Transfer station shutdown revealed inefficiencies, safety issues
The temporary closing of the Wadena County Solid Waste Transfer Station in March may have a silver lining, according to Mike Gibson, the county's human resources consultant.
Since Gibson was asked by the county to oversee the reorganization of the department he has reported numerous inefficiencies and safety and health concerns. Minnesota Safety Inc., submitted a three-page report detailing its observations on safety concerns at the transfer station.
This may be a good time to consider collaborating with Otter Tail County for some services, he said. Otter Tail County sells its cardboard and other recyclables whereas Wadena County pays to have them hauled away, he said.
"What may appear at first glance when you walk out to our transfer station as ... man we're in terrible shape, in fact, may be very timely," Gibson said.
This is an opportunity for the county to do something with its property as well as talk with Otter Tail County commissioners and staff to find out what kinds of things they can work together on, he said.
Wadena County has a terribly designed system at the transfer station, he said. It also needs to be repaired.
"This is a time for collaboration between counties," Gibson said. "Why reinvent the wheel."
Gibson strongly suggests the county board set appointments to visit the Otter Tail stations in New York Mills and Fergus Falls.
"Putting it simply, it blew me away it is so very well run," he said abut the Otter Tail plant.
Otter Tail County Solid Waste Director Mike Hanan said he thinks his county's board was very receptive of the idea to collaborate.
The difference between the Otter Tail and Wadena County facilities has a lot to do with the difference in the volume of materials they deal with, he said. It cost Otter Tail County $2.7 million to build its transfer station.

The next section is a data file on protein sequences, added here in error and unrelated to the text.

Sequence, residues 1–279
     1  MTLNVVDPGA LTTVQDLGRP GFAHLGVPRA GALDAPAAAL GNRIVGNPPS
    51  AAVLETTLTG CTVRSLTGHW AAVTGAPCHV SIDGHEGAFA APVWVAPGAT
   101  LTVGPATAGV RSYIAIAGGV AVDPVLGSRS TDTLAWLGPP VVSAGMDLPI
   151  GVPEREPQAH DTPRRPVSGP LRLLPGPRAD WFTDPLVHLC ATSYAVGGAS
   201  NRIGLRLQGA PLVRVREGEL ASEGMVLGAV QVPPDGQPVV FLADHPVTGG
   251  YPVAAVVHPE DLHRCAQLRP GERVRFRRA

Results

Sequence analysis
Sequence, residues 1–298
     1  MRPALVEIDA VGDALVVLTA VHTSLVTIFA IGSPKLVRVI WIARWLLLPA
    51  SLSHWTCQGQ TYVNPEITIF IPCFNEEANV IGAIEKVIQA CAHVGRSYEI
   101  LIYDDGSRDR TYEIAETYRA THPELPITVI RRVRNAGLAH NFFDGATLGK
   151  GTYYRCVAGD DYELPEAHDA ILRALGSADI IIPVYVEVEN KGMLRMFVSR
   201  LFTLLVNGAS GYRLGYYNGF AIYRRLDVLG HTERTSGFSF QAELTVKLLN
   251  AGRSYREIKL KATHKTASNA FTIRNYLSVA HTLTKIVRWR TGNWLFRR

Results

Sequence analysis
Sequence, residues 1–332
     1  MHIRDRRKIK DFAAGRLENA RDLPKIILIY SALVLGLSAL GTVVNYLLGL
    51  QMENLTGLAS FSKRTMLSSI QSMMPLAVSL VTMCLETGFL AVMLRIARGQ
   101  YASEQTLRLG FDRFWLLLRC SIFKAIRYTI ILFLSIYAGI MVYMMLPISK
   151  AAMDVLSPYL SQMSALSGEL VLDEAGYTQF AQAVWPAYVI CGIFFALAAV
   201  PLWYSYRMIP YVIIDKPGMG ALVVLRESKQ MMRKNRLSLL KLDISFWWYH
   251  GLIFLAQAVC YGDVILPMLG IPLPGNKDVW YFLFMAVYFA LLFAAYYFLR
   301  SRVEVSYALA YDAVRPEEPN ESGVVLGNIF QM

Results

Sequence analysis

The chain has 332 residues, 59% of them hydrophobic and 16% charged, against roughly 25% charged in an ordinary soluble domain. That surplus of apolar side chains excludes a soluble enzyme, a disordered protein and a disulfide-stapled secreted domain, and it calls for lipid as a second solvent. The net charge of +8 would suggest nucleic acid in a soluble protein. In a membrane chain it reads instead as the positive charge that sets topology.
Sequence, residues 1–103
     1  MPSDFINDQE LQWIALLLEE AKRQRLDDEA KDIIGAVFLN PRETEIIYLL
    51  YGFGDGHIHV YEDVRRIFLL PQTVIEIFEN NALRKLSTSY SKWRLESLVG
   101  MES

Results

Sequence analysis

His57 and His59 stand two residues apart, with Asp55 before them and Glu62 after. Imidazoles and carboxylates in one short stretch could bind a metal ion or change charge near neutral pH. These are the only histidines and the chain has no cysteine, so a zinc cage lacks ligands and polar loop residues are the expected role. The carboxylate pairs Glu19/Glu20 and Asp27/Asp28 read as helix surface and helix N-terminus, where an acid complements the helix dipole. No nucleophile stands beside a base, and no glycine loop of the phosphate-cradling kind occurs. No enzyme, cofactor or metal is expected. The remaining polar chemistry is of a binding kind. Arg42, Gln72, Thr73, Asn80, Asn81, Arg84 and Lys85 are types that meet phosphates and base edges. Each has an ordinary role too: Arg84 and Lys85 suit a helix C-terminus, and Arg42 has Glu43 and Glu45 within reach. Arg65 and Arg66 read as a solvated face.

"Does it make sense to build something like that in Wadena County? No, probably not," Hanan said.
Hanan also pointed out that the market for recyclables is very volatile.
The Wadena County Board agreed it was a good idea for the solid waste committee to look into opportunities for collaboration and ways to save expenses for both counties.
Commissioners approved an additional two pages of recommendations dealing with topics such as the hiring of new transfer station employees, increasing petty cash at the transfer to $250, purchasing a new or used hook truck and setting up a compost site.
The board also approved a $4,757.62 payment to Otter Tail County for the services of its solid waste employee Larris Grewe during April. The board expressed its appreciation to Otter Tail County for helping them out.
Chris Harshaw, who started working at solid waste 15 days before it was closed, has been serving as the department's temporary full-time supervisor.
Solid waste was closed for two weeks following the placement of Solid Waste Director Scott Carpenter on unpaid leave and transfer station employee Joel Walsvik on paid leave until further notice after a March 25 emergency closed county board meeting. The purpose of the meeting was to "give preliminary consideration regarding allegations or charges in a criminal matter against a county employee," according to minutes from an open meeting that followed.